Demand Rates, Explained

If you are on a demand rate, your electric bill not only includes a Customer Charge and Energy Charge, but it also includes a Demand Charge, which is a charge for an electrical "demand" that occurs during each monthly billing cycle. This charge is designed to cover part of the actual costs of providing electricity to your home.

Electric demand is measured in kilowatts (kW). It is a measure of the period during the month when the greatest amount of power was required.  Another way to think about it is the point in the month when the greatest number of electrical appliances and other loads operated at one time. If your demand exceeds 20kW, or your energy use exceeds 5000kWh, then your account may be moved to a demand rate per our TARIFF.

Demand rates, the math behind the numbers.

Alaska Electric Light & Power meters measure demand by identifying the 15-minute window during which the greatest amount of energy was consumed, as shown in this example.  Assume the peak energy consumption for a home over 15 minutes during a billing period is 5 kilowatt-hours (kWh).  To calculate the average power (demand) over that 15 minutes, we use the following formula:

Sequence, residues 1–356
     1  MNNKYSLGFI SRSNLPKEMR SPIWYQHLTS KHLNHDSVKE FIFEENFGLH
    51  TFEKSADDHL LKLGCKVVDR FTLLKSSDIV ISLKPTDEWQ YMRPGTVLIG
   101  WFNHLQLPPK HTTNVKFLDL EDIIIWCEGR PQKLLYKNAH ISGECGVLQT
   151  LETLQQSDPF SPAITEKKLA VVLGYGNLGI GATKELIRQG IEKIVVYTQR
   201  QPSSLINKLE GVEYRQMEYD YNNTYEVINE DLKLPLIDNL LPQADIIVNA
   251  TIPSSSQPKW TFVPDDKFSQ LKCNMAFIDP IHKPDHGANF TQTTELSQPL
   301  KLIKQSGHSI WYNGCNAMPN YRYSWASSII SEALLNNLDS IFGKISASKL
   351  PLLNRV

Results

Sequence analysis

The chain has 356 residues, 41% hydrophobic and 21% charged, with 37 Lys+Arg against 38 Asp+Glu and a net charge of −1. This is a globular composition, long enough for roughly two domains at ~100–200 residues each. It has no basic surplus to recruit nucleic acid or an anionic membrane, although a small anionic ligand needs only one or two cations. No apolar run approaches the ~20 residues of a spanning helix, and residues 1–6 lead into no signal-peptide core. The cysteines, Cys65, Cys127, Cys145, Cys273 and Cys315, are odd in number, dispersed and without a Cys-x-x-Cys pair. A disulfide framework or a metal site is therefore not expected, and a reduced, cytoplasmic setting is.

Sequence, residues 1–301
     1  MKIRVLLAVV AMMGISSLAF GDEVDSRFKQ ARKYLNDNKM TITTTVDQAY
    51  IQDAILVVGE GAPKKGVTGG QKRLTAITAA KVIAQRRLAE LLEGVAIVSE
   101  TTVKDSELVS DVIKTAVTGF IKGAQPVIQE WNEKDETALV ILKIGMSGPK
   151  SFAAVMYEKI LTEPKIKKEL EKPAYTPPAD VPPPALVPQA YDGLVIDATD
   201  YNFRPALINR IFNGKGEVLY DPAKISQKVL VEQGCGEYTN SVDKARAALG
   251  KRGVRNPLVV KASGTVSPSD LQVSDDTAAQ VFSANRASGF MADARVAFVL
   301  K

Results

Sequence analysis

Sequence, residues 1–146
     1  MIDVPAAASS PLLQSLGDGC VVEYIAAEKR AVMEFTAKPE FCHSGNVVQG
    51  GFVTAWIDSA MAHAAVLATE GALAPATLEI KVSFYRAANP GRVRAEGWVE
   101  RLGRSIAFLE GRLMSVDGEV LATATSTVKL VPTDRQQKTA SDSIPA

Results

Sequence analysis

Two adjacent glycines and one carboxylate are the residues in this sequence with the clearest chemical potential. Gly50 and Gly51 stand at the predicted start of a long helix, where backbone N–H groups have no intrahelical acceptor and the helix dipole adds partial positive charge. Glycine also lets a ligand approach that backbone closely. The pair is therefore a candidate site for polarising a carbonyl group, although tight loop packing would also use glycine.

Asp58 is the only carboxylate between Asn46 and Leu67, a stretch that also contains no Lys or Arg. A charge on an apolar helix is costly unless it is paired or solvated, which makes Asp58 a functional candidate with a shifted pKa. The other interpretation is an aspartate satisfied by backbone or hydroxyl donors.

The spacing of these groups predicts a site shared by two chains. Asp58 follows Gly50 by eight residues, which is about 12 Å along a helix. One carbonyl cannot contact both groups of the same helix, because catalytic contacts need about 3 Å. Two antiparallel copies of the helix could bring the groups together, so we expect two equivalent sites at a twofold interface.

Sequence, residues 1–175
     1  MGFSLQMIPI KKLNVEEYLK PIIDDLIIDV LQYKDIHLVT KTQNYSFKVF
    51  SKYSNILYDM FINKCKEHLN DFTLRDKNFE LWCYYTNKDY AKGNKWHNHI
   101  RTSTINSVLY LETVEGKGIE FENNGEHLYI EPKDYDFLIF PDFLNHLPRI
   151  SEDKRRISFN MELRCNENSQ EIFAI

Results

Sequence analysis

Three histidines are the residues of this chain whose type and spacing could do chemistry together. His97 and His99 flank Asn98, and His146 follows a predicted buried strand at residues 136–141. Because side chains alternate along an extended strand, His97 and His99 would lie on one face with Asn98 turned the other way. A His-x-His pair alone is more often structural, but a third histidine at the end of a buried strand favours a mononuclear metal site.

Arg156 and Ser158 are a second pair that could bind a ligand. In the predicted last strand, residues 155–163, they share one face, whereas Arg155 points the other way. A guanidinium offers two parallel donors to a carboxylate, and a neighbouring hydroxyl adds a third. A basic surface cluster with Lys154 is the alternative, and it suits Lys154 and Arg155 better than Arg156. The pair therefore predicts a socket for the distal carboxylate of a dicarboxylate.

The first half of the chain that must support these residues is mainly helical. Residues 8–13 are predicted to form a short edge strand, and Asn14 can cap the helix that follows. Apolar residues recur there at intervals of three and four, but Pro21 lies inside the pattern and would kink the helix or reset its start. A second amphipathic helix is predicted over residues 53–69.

5 kilowatt-hours   =   5 kilowatt-hours x 4   =   20 kilowatts

     ¼ hours                        1 hours

In this example, the home’s peak demand was a period when the average power consumption was 20 kW over 15 minutes.  This could’ve been caused by exactly 20 kW of load operating for 15 minutes or more, or it could’ve been 10 kW for 7.5 minutes followed by 30 kW for 7.5 minutes, followed by 10 kW or less for 7.5 minutes.  Because the demand peak records the highest average power over 15 minutes, the instantaneous peak power might be higher than the billed demand peak. 

Still have questions?

If you are curious about AEL&P’s demand rates, including our Residential Heat Pump rate schedule, give our energy expert, Lori Sowa, a call at 907.463.6303.